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Tobias Clausen, Oscar Luis Alves, Michael Reinert, Egon Doppenberg, Alois Zauner and Ross Bullock

Object. Glycerol is considered to be a marker of cell membrane degradation and thus cellular lysis. Recently, it has become feasible to measure via microdialysis cerebral extracellular fluid (ECF) glycerol concentrations at the patient's bedside. Therefore the aim of this study was to investigate the ECF concentration and time course of glycerol after severe traumatic brain injury (TBI) and its relationship to patient outcome and other monitoring parameters.

Methods. As soon as possible after injury for up to 4 days, 76 severely head-injured patients were monitored using a microdialysis probe (cerebral glycerol) and a Neurotrend sensor (brain tissue PO2) in uninjured brain tissue confirmed by computerized tomography scanning. The mean brain tissue glycerol concentration in all monitored patients decreased significantly from 206 ± 31 µmol/L on Day 1 to 9 ± 3 µmol/L on Day 4 after injury (p < 0.0001). Note, however, that there was no significant difference in the time course between patients with a favorable outcome (Glasgow Outcome Scale [GOS] Scores 4 and 5) and those with an unfavorable outcome (GOS Scores 1–3). Significantly increased glycerol concentrations were observed when brain tissue PO2 was less than 10 mm Hg or when cerebral perfusion pressure was less than 70 mm Hg.

Conclusions. Based on results in the present study one can infer that microdialysate glycerol is a marker of severe tissue damage, as seen immediately after brain injury or during profound tissue hypoxia. Given that brain tissue glycerol levels do not yet add new clinically significant information, however, routine monitoring of this parameter following traumatic brain injury needs further validation.

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Alois Zauner, Tobias Clausen, Oscar L. Alves, Ann Rice, Joseph Levasseur, Harold F. Young and Ross Bullock

Object. Currently, there are no good clinical tools to identify the onset of secondary brain injury and/or hypoxia after traumatic brain injury (TBI). The aim of this study was to evaluate simultaneously early changes of cerebral metabolism, acid—base homeostasis, and oxygenation, as well as their interrelationship after TBI and arterial hypoxia.

Methods. Cerebral biochemistry and O2 supply were measured simultaneously in a feline model of fluid-percussion injury (FPI) and secondary hypoxic injury. After FPI, brain tissue PO2 decreased from 33 ± 5 mm Hg to 10 ± 4 mm Hg and brain tissue PCO2 increased from 55 ± 2 mm Hg to 81 ± 9 mm Hg, whereas cerebral pH fell from 7.1 ± 0.06 to 6.84 ± 0.14 (p < 0.05 for all three measures). After 40 minutes of hypoxia, brain tissue PO2 and pH decreased further to 0 mm Hg and 6.48 ± 0.28, respectively (p < 0.05), whereas brain tissue PCO2 remained high at 83 ± 13 mm Hg. Secondary hypoxic injury caused a drastic increase in cerebral lactate from 513 ± 69 µM/L to 3219 ± 490 µM/L (p < 0.05). The lactate/glucose ratio increased from 0.7 ± 0.1 to 9.1 ± 2 after hypoxia was introduced. The O2 consumption decreased significantly from 18.5 ± 1.1 µl/mg/hr to 13.2 ± 2.1 µl/mg/hr after hypoxia was induced.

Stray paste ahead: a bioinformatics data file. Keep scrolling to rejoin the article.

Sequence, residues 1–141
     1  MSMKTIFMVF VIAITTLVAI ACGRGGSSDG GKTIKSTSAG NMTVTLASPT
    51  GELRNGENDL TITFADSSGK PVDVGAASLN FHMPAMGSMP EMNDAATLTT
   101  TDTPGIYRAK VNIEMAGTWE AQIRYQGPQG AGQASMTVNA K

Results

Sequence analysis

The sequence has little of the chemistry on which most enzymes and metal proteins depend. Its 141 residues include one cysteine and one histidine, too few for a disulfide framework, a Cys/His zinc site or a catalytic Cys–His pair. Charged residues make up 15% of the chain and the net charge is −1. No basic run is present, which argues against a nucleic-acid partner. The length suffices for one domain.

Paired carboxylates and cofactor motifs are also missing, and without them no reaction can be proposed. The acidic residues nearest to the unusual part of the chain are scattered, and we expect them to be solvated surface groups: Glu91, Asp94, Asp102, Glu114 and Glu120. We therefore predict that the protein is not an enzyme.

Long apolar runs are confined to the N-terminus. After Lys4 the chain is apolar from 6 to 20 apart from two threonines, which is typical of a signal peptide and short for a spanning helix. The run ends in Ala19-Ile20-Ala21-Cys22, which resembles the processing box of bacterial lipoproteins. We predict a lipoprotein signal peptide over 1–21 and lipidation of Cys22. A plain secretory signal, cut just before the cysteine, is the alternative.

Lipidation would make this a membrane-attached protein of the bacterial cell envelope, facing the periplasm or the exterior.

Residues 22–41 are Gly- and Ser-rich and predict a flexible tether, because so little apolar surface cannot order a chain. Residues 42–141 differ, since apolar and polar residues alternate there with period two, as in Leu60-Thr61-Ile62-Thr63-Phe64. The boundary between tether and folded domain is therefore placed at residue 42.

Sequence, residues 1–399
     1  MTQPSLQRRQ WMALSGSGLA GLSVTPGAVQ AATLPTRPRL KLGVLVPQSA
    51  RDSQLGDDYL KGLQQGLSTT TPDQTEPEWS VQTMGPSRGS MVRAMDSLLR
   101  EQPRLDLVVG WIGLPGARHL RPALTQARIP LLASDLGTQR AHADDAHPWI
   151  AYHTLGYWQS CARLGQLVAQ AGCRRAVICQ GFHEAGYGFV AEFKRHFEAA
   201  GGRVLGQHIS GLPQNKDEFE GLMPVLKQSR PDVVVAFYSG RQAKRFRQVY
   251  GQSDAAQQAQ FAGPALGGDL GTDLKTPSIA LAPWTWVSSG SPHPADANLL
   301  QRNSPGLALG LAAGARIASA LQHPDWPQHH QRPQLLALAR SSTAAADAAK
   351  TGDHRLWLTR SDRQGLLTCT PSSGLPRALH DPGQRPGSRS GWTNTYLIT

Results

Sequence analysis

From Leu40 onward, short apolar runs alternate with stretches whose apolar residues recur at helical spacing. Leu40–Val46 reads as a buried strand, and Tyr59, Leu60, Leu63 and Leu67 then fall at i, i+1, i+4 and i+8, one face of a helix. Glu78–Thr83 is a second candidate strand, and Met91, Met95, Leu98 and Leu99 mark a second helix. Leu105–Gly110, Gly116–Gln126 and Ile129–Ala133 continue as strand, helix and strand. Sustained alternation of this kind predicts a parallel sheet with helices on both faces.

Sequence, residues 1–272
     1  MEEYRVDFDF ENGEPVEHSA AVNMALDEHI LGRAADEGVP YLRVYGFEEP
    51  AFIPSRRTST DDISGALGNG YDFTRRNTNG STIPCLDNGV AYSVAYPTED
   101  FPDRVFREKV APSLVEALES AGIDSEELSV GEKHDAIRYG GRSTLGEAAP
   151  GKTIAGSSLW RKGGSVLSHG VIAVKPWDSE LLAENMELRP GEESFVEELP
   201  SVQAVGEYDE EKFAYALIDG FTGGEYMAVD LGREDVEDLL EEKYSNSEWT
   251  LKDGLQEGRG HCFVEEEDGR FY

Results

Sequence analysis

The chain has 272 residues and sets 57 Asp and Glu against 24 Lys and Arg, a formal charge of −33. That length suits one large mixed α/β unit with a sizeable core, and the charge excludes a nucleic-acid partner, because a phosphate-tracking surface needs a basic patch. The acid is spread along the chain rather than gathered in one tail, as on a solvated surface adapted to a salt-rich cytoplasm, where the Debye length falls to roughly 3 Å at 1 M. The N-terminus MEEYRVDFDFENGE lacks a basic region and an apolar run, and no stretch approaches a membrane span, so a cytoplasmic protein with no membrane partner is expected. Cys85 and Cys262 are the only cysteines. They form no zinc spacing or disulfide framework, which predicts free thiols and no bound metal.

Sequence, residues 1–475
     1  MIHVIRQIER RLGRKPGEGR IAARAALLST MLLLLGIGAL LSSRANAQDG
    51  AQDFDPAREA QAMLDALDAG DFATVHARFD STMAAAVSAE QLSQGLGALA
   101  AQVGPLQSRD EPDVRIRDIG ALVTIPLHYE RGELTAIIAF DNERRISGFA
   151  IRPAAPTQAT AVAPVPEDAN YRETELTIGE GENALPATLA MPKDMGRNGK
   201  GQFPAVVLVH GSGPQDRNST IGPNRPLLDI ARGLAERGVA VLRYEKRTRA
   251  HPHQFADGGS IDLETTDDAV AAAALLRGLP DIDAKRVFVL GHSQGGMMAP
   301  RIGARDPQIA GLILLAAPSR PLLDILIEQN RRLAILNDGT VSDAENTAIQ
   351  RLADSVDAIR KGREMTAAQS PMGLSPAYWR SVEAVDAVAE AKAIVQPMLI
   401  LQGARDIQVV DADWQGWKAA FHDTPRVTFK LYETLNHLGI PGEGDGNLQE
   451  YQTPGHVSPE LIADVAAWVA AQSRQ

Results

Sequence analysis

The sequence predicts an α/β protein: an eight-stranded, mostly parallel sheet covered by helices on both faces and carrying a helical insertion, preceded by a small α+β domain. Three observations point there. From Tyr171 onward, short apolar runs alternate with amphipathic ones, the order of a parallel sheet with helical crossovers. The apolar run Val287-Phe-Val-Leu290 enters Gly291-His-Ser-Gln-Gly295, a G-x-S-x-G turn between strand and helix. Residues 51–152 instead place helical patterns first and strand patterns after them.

Conclusions. Cerebral metabolism, O2 supply, and acid—base balance were severely compromised ultra-early after TBI, and they declined further if arterial hypoxia was present. The complexity of pathophysiological changes and their interactions after TBI might explain why specific therapeutic attempts that are aimed at the normalization of only one component have failed to improve outcome in severely head injured patients.

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Tobias Clausen, Ahmad Khaldi, Alois Zauner, Michael Reinert, Egon Doppenberg, Matthias Menzel, Jens Soukup, Oscar Luis Alves and M. Ross Bullock

Object. Brain tissue acidosis is known to mediate neuronal death. Therefore the authors measured the main parameters of cerebral acid—base homeostasis, as well as their interrelations, shortly after severe traumatic brain injury (TBI) in humans.

Methods. Brain tissue pH, PCO2, PO2, and/or lactate were measured in 151 patients with severe head injuries, by using a Neurotrend sensor and/or a microdialysis probe. Monitoring was started as soon as possible after the injury and continued for up to 4 days.

During the 1st day following the trauma, the brain tissue pH was significantly lower, compared with later time points, in patients who died or remained in a persistent vegetative state. Six hours after the injury, brain tissue PCO2 was significantly higher in patients with a poor outcome compared with patients with a good outcome. Furthermore, significant elevations in cerebral concentrations of lactate were found during the 1st day after the injury, compared with later time points. These increases in lactate were typically more pronounced in patients with a poor outcome. Similar biochemical changes were observed during later hypoxic events.

Conclusions. Severe human TBI profoundly disturbs cerebral acid—base homeostasis. The observed pH changes persist for the first 24 hours after the trauma. Brain tissue acidosis is associated with increased tissue PCO2 and lactate concentration; these pathobiochemical changes are more severe in patients who remain in a persistent vegetative state or die. Furthermore, increased brain tissue PCO2 (> 60 mm Hg) appears to be a useful clinical indicator of critical cerebral ischemia, especially when accompanied by increased lactate concentrations.